Fuzzy logic is recognized as an important decision support tool due to its capability to incorporate linguistic non-crisp variable values (Elamvazuthi et al., 2012). The availability of software platforms such as Matlab with fuzzy toolbox is making the use of fuzzy logic very easy in production planning (Vasant, 2003 and Vasant et al., 2004). As a result, a variety of fuzzy linear programming (FLP) and heuristic (Vasant and Barsoum, 2010) applications have emerged from variety of industries ranging from textiles (Elamvazuthi et al., 2009), crude oil refinery (Vasant et al., 2012) to coal mining (Pendharkar, 1997). Interactive FLP has been applied to production planning in textile firms, transportation planning and crude oil refinery industries (Vasant et al., 2011, Peidro and Vasant, 2011 and Vasant et al., 2010a). Among the popular membership functions in FLP are linear and S-shaped membership functions (Bhattacharya and Vasant, 2007 and Vasant et al., 2010b). Diaz-Madrronero et al. (2010) describe different membership functions used in FLP and their benefits. Generally, linear membership functions are easy to use and have higher computational efficiency. S-shaped membership functions provide flexibility in describing uncertain and ill-known fuzzy problems (Elamvazuthi et al., 2010). Interactive multi-criteria problems involve simultaneous optimization of two or more conflicting objectives (Bas, 2012 and Vasant et al., 2007). Assuming an n-dimensional decision variable vector x=[x1,…,xn]T, a feasible solution set X such that the feasible set of decisions satisfy x∈X, a set of h≥2 criteria functions fh (x), and a group/individual utility function u, the interactive multi-criteria optimization problem is described as follows ( Troutt, 1994 and Steuer, 1986): equation(1) max{u(f1(x),…,fh(x)):x∈X⊏nR}max{u(f1(x),…,fh(x)):x∈X⊏Rn} Turn MathJax on Assuming that u(f1(x),…,fh(x))u(f1(x),…,fh(x)) is concave, twice differentiable and satisfies strict non-satiety1 assumption, any solution that maximizes (1) is called the best compromise solution ( Troutt, 1994 and Steuer, 1986). Most popular methods to find a compromise solution require user interaction to identify the compromise solution. These methods use cutting planes (Shin and Ravindran, 1991), Marginal Rate of Substitution (MRS) (Geoffrion et al., 1972), or abstract mass concept (AMC) (Troutt, 1994) to obtain the compromise solution. While all of these methods are similar in their implementation of user interaction, they are different in their assumptions and the manner in which they process information. The MRS method seeks tradeoff rates between different criteria to narrow the location of compromise solution. The AMC method is an advanced method that seeks the cutting plane information from the user to solve a continuous piecewise polynomial system of equations that yields direction specific gradients for different criteria, which are then used to identify a compromise solution half-space. The AMC is useful when the decision maker’s utility function is not known or when the decision maker’s utility function is known but there are too many criteria to optimize which renders MRS method too difficult to use. When the decision maker’s utility function is known and the decision-making criteria are reasonably small then constructing cutting planes is very simple. Shin and Ravindran (1991) illustrate how these cutting planes can be constructed. Generally, the construction of these cutting planes requires interaction from the user on his/her satisfaction about a computer generated solution. Typically, a possible solution is shown to the user and if the user is not satisfied with the shown solution then a cutting plane is constructed by using the value of shown solution and partial derivatives of utility function with respect to different criterion. Once a half-space for compromise solution is identified, finding the next feasible solution in half-space becomes the next problem to solve in an interactive multi-criteria optimization. A popular method that is used to identify feasible solutions in the half-space is called parameter space investigation (PSI) method (Steuer and Sun, 1995). The PSI method uses Monte Carlo strategy to randomly search for solutions in the solution half-space and retains solutions that belong to the solution half-space and rejects any other solutions. While the PSI works well and is independent of the number of criteria and the number of constraints, its performance is highly sensitive to the dimension of variable vector x (Steuer and Sun, 1995). For example, assuming that p(xs) is the probability that a randomly generated sth element of vector x, for s∈{1,…,n}, from the PSI method’s Monte Carlo strategy belongs to the feasible solution space then the probability that all elements belonging to the feasible solution space is given by View the MathML source∏s=1np(xs). When cutting/cutoff planes are added due to user interaction, half-space for the compromise solution only shrinks leading to new probabilities pnew(xs)≤p(xs)pnew(xs)≤p(xs), ∀xs. For large dimension of x or for several user interactions with reasonable dimension, finding feasible solutions using the PSI method gets difficult because View the MathML source∏s=1npnew(xs)→0 with higher dimension of x and increasing user interactions. Steuer and Sun (1995), using a multi-criteria linear programming problem, report that for n=10, PSI method finds only 10 feasible solutions in 100,000 trials and for n=20 no feasible solution can be found in 100,000 trials. Since user interaction only decreases the feasible region resulting in lower pnew(xs)pnew(xs), using PSI method may be inefficient for even small problems with n=5 and five user interactions. An alternative to the use of PSI method is the scatter search approach (Glover et al., 2000). Scatter search is an alternative approach to random search approach where generalized path construction in Euclidean space is used to construct solutions. In a scatter search approach, initial sets of solutions are randomly generated. Of these random solutions, the set of solutions that belong to the feasible region are called the reference set (Laguna and Marti, 2003). The solutions from reference set are combined, using convex and non-convex combinations, to identify new reference set solutions. A typical reference set contains 5–20 solutions and two solutions are combined at a time to generate new reference set solutions. If the new reference set solutions are better quality solutions than the solutions in previous reference set then the previous reference set is updated to contain the best 5–20 solutions. Occasionally, intensification and diversification strategies are used to explore solution search space ( Glover et al., 2003 and Laguna, 2002). Intensification uses minor Euclidean space perturbations to the existing reference set solutions to identify improvements. In diversification, either a random search or a line search is used in an attempt to identify solutions that are far away from the current reference set solutions. In this paper, we propose a multi-criteria coal production planning problem with fuzzy profit and fuzzy coal quality criteria. Next, we propose a scatter-search based interactive multi-criteria optimization procedure to identify promising solutions, and test the procedure using an example with additive and multiplicative decision-maker utilities. The rest of the paper is organized as follows. In Section 2, we propose the fuzzy multi-criteria model for coal production planning. In Section 3, we describe the scatter search based interactive multi-criteria optimization procedure for solving interactive multi-criteria optimization problems. In Section 4, we describe a production planning example, apply scatter search procedure and provide the results of our experiments. In Section 5, we provide a discussion on the proposed procedure. In Section 6, we conclude our paper with a summary.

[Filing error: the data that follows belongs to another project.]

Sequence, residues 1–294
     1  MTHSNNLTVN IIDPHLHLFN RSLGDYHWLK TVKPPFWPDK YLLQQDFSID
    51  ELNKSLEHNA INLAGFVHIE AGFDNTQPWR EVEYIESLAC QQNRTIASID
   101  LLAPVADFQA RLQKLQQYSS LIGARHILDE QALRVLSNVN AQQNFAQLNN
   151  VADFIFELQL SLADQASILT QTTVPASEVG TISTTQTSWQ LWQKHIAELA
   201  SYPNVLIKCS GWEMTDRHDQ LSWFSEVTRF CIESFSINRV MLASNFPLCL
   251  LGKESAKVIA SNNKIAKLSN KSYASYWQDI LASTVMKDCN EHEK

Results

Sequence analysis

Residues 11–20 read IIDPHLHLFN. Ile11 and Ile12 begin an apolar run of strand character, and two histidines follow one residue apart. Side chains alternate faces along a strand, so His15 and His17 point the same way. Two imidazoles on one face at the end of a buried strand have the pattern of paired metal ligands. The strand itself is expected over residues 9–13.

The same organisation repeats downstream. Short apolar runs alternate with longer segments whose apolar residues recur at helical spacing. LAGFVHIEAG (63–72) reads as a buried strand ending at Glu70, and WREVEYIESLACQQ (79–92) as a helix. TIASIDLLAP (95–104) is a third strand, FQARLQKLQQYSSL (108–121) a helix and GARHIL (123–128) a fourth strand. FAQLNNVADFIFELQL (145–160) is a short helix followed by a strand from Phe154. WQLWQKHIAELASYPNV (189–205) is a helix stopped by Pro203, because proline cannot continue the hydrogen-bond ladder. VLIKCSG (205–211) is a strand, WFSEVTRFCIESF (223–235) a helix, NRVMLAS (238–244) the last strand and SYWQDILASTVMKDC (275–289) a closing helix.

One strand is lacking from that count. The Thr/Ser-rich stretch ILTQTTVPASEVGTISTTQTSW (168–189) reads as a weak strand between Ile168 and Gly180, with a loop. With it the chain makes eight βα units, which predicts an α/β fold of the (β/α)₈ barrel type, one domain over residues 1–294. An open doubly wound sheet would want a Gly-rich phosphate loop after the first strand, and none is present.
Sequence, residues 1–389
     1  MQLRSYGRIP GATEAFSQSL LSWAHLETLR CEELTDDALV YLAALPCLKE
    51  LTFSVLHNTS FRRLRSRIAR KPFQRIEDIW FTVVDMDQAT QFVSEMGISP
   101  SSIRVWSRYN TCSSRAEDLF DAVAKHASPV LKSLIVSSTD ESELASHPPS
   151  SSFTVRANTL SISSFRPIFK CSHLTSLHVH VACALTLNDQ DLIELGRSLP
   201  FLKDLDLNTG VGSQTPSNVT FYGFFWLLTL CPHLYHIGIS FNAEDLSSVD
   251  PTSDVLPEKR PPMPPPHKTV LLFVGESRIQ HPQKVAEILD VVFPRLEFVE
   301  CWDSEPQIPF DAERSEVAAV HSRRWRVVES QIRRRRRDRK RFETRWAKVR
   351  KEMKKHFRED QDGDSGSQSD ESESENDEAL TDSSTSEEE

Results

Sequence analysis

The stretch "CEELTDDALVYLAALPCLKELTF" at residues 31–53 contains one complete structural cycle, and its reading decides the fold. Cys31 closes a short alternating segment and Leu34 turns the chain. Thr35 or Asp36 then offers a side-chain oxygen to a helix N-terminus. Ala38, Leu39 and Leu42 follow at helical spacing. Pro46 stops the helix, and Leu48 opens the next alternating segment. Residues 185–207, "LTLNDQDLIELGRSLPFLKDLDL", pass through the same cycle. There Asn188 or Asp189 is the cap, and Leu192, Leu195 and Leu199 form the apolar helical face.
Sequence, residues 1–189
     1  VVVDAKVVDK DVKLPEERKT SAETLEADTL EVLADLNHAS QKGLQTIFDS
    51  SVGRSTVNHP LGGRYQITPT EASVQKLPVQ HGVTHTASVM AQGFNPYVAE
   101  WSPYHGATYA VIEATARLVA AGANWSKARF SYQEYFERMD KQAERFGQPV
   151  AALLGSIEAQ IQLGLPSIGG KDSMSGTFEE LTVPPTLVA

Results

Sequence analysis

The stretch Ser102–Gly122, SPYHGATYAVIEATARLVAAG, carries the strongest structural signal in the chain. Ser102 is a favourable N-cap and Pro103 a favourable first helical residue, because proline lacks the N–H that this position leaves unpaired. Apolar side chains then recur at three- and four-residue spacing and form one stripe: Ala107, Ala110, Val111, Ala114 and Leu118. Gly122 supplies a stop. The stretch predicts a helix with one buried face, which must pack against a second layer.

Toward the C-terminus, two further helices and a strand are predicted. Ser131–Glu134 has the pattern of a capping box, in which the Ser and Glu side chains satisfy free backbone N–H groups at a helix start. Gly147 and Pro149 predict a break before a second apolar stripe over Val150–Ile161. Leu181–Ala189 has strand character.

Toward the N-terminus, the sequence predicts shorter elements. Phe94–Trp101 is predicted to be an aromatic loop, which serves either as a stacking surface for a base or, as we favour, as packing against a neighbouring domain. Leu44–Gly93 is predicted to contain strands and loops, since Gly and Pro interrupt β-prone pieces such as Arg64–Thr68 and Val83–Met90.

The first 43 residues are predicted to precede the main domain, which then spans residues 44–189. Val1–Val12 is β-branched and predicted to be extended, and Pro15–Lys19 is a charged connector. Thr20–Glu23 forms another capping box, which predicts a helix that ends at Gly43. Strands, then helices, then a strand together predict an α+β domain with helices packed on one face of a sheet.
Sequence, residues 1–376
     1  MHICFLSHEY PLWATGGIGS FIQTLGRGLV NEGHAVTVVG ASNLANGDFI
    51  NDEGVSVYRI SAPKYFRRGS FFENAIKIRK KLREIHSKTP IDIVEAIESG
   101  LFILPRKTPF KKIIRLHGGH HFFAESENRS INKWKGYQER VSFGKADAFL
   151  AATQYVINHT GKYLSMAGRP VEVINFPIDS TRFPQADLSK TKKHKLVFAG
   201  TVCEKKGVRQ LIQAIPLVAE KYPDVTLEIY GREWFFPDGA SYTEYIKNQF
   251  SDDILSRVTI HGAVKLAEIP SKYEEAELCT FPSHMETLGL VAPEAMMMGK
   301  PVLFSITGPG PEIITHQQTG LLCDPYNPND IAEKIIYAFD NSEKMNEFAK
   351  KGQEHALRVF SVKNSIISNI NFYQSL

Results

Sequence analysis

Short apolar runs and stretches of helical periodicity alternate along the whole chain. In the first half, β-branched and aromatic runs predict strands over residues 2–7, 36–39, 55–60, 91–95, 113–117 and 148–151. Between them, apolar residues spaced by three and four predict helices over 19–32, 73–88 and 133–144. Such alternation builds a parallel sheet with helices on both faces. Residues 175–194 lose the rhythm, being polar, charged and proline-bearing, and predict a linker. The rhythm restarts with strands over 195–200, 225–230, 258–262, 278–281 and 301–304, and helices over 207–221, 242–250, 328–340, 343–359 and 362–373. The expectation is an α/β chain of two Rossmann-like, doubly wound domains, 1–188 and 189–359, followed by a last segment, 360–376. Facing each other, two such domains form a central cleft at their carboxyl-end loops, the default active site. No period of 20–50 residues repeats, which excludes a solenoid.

نتیجه گیری انگلیسی

In this paper, we developed a scatter search procedure for interactive multi-criteria optimization problems. We also proposed a fuzzy bi-criteria production planning problem in the coal mining industry. Using a coal production planning problem, we illustrated an application of scatter search procedure for additive and multiplicative decision-maker utilities. The results of our experiments indicate that the scatter search procedure works very well for interactive multi-criteria optimization problems. For our problem, the reference set solutions in scatter search procedure converge very fast, and five solutions with a maximum of five interactions worked very well. We believe that a natural extension to our study is to extend the scatter search procedure for solving multi-criteria combinatorial optimization problems. The extension would require the proposed scatter search procedure to be combined with other heuristic search procedures such as tabu search, simulated annealing or genetic algorithms. When combined with a heuristic procedure, scatter search may be used to obtain values for variables that take real-number values, and a heuristic search procedure (tabu search, simulated annealing or genetic algorithm) may be used to obtain values for variables that take discrete/integer values.